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Michael Ross (co-authors Cesar Martinez Alvarez, Chad Hazlett, and Paasha Mahdavi)
All governments either tax or subsidize the consumption of fossil fuels. These policies have far-reaching economic and environmental consequences, but governments often face strong political pressure to keep prices low. We use a new data set on monthly gasoline prices around the world to study the conditions under which governments change their gasoline subsidies. We focus on the 22 countries responsible for more than 95 percent of the world’s gasoline subsidies between 2003 and 2015. Our analysis suggests that many factors alleged to promote reform have little impact. Reforms, while rare, became significantly rarer when elections are imminent.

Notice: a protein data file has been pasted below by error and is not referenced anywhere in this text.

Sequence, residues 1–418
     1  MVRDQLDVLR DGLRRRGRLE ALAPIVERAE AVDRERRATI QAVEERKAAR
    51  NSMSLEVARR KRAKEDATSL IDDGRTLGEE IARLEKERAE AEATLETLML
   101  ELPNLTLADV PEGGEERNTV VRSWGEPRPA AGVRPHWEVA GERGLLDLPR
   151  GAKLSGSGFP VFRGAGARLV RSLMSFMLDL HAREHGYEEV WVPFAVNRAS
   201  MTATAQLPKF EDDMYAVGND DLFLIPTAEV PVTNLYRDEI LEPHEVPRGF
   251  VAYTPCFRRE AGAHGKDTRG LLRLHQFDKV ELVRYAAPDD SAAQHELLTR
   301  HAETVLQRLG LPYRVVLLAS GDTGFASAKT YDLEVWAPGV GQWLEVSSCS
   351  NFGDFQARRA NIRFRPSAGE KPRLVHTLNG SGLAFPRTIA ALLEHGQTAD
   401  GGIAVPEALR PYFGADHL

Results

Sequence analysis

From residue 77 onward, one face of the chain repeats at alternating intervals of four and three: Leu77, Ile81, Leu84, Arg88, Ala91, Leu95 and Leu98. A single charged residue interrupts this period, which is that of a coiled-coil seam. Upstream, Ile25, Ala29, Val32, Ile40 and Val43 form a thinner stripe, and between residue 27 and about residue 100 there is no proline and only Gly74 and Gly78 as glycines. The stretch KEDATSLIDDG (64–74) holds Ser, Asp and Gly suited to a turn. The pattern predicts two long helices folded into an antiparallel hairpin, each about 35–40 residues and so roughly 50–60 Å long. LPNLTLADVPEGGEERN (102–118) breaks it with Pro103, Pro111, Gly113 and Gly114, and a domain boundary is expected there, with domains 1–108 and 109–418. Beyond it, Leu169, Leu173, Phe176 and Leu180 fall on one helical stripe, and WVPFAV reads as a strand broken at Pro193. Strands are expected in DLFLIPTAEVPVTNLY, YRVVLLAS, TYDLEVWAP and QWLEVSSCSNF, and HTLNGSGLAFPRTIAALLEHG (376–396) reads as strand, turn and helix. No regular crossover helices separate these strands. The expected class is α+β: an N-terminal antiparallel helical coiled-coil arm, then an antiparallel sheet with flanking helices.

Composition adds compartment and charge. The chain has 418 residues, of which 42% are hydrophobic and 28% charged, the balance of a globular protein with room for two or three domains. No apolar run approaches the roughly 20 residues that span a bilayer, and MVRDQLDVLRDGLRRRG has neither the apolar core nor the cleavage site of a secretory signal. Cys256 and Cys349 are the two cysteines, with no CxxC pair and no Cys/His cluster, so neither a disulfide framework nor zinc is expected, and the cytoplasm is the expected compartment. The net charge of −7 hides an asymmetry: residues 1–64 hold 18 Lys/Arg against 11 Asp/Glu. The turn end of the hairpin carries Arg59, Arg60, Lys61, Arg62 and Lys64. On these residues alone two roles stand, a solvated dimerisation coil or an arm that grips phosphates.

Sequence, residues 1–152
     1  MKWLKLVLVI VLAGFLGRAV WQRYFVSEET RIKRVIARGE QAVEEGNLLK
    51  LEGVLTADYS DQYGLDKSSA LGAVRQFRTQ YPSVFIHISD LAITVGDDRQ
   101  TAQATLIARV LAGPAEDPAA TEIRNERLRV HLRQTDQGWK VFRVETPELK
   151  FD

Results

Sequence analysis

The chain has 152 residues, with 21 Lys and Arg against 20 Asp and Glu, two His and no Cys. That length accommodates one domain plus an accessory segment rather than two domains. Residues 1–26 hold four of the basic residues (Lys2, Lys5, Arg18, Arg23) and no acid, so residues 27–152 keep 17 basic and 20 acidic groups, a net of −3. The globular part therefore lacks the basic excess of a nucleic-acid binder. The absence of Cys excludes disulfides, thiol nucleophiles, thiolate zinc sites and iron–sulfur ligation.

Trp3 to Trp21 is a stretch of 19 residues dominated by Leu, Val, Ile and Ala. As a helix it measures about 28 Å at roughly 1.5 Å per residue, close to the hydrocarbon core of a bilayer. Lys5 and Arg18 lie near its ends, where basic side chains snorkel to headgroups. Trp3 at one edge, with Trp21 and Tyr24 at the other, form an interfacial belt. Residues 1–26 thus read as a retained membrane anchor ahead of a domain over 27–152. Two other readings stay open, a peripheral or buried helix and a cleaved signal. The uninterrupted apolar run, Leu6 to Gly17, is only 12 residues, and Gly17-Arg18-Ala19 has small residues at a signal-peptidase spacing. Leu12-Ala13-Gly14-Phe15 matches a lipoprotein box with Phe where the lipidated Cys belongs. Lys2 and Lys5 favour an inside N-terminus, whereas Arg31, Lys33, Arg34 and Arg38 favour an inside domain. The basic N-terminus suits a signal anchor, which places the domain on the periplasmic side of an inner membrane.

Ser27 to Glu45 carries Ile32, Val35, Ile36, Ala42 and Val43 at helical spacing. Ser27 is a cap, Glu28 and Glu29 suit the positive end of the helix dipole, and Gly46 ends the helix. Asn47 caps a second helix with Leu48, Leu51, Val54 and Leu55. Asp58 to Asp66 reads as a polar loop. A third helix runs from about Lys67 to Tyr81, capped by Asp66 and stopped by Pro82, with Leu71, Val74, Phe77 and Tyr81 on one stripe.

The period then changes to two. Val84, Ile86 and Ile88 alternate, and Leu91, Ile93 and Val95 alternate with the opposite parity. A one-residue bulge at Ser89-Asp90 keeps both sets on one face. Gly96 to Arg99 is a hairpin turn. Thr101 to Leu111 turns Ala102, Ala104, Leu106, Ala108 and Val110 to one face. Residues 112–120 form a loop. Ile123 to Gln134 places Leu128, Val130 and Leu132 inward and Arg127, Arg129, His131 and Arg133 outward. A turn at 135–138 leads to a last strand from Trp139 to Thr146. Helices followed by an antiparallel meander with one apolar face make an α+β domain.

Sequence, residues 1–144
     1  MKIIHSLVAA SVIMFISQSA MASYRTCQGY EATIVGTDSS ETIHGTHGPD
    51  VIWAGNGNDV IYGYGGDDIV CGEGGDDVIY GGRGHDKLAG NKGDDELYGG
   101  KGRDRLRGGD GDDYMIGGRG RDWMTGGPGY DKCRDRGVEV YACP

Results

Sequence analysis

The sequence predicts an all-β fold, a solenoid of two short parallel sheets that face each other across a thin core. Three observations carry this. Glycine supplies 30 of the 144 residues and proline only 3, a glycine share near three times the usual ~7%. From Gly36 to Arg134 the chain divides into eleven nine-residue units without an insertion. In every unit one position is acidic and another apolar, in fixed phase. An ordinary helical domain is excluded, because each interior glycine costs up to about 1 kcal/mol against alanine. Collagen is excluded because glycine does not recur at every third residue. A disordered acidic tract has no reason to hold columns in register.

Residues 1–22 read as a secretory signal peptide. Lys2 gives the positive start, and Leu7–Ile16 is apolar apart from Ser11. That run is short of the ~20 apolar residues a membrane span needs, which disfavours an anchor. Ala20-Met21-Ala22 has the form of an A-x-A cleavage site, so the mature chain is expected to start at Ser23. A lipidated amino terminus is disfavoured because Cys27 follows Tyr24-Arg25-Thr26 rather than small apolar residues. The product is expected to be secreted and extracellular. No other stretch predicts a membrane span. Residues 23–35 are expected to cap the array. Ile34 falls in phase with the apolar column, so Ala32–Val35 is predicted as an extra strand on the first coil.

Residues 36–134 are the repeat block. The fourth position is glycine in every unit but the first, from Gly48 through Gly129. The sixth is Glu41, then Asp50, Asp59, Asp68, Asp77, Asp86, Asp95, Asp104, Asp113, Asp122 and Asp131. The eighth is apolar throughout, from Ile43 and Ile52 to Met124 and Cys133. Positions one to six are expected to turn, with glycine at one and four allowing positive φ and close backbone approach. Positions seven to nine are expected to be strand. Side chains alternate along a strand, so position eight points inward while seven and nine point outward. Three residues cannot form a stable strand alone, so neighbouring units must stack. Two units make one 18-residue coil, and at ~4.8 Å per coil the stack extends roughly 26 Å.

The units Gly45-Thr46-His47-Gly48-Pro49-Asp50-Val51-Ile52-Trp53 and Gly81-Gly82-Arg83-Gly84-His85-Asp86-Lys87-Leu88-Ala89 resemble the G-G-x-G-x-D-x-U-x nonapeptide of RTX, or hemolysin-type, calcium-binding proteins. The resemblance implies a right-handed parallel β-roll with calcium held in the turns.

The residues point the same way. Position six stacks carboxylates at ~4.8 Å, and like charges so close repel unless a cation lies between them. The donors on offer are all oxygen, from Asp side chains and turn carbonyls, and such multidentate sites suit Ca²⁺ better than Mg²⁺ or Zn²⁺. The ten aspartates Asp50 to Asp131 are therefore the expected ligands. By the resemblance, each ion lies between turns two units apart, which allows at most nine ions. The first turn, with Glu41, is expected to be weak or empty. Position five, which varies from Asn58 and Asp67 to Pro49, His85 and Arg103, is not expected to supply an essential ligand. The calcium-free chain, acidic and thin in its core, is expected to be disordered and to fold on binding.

Michael L. Ross is a Professor of Political Science at University of California Los Angeles and is affiliated with the UCLA Institute of the Environment and Sustainability. He has published widely on the political and economic problems of resource-rich countries, energy politics, civil war, democracy, and gender rights. Ross is the Executive Director and co-founder of the Project on Resources, Governance, and Development; a Non-resident Fellow at the Center for Global Development; a member of the SSRC Working Group on Climate Change; a member of the advisory boards of the Natural Resources Governance Institute and Clean Trade; and a member of the Political Instability Task Force, the Multi Stakeholder Group of the US Extractive Industries Transparency Initiative, and the UN Sustainable Development Solutions Network Thematic Group on "Good Governance of Extractive and Land Resources."
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